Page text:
We have enemies who rule from high places. There are powers of darkness among us. There are wicked rulers who make themselves the enemies of God. These must be taken into account when deciding to what degree we are to obey any earthly authority. Cicil authorities may be ordained of God, but they may still act unjustly and may be influenced by principalities and powers in the heavenly places. We must obey God rather than man when there is a conflict. 

For this cause pay ye tribute also: for they are God’s ministers, attending continually upon this very thing. Render therefore to all their dues: tribute to whom tribute is due; custom to whom custom; fear to whom fear; honour to whom honour. Owe no man any thing, but to love one another: for he that loveth another hath fulfilled the law. For this, Thou shalt not commit adultery, Thou shalt not kill, Thou shalt not steal, Thou shalt not bear false witness, Thou shalt not covet; and if there be any other commandment, it is briefly comprehended in this saying, namely, Thou shalt love thy neighbour as thyself. Love worketh no ill to his neighbour: therefore love is the fulfilling of the law. And that, knowing the time, that now it is high time to awake out of sleep: for now is our salvation nearer than when we believed. The night is far spent, the day is at hand...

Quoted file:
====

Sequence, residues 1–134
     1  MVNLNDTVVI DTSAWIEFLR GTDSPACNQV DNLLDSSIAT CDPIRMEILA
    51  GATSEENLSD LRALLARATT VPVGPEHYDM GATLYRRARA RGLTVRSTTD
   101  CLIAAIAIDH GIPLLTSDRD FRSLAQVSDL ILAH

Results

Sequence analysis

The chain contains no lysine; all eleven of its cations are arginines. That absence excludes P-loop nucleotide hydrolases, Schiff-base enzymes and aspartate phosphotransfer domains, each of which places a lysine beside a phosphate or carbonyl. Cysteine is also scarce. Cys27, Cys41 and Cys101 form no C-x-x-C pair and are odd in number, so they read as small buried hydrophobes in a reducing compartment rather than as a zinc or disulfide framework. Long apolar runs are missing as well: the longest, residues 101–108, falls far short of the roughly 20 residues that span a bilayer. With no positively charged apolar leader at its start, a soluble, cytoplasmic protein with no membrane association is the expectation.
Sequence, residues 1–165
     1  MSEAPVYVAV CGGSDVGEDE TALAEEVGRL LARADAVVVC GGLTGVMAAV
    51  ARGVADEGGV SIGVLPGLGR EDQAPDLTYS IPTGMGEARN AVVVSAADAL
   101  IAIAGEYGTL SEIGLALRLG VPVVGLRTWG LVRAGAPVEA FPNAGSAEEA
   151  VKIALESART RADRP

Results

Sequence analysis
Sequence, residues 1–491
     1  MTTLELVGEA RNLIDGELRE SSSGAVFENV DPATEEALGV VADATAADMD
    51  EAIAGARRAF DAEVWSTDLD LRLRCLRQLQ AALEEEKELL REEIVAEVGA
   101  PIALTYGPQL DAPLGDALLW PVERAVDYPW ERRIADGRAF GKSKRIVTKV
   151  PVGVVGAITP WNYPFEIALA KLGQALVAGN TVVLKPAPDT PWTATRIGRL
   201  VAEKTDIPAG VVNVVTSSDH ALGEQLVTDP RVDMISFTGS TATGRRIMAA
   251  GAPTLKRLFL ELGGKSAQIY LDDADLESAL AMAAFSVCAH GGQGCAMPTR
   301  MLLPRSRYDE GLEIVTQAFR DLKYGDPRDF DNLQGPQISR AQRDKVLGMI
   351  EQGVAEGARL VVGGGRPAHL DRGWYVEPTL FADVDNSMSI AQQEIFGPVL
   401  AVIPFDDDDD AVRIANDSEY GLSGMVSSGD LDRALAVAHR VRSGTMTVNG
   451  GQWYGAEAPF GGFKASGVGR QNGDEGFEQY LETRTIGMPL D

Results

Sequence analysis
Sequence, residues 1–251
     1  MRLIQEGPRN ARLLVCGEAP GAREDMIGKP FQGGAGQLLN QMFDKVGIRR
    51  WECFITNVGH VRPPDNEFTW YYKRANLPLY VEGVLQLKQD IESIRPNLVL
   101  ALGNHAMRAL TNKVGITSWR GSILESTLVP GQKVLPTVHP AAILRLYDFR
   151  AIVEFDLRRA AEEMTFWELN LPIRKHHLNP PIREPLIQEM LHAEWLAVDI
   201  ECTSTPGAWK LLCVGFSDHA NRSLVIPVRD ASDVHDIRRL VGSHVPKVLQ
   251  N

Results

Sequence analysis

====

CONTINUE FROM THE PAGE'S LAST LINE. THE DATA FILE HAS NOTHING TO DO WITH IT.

-Romans 13:6-12a

Just as I am not above abuse of God's grace or a failure to uphold the calling to which I have been called, so too can the authorities raised up by God fail to uphold righteous judgment. Sometimes, God allows us the ruler we want (as he did with Saul and with the Northern Kingdom) to reveal what unjust rule is like. 

"The night is far spent, the day is at hand" gives us the theme of the Acts Age: the soon-coming tribulation and then return of the Lord to receive his earthly rulership and Kingdom. Paul appeals to the Law of Israel. He is thus stating that suffering for defying these commands is to be expected (whether brought upon him by the Apostolic leadership or by the state). Paul refers to the overarching command of the Lord in his summation of the Law, "Thou shalt love thy neighbour as thyself." If this is followed, the believer need not fear condemnation from any authority.